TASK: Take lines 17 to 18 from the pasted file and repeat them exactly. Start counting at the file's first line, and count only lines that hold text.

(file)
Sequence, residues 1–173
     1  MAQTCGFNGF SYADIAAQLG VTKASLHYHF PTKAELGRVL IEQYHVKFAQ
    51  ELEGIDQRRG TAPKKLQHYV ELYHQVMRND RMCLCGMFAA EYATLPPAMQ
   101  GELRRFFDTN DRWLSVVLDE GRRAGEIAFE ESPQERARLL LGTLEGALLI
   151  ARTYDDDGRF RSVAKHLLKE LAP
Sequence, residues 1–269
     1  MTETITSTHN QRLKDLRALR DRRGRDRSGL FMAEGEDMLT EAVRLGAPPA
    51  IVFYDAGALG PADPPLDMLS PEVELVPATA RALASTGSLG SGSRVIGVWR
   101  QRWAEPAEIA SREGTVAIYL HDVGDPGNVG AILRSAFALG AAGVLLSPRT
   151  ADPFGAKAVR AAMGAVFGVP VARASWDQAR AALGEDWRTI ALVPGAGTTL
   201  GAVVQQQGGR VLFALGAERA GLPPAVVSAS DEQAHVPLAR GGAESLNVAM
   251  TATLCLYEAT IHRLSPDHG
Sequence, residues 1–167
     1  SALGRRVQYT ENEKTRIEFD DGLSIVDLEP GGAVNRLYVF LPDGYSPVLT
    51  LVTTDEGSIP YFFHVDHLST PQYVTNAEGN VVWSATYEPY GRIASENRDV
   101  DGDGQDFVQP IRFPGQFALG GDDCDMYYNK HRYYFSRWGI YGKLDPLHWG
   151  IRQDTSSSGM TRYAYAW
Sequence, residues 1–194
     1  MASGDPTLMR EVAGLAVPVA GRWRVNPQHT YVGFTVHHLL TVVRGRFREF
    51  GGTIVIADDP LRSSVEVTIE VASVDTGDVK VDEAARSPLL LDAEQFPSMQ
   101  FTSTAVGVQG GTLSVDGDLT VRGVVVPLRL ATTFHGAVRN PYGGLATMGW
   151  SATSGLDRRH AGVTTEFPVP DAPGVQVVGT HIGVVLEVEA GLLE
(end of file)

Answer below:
   151  IRQDTSSSGM TRYAYAW
Sequence, residues 1–194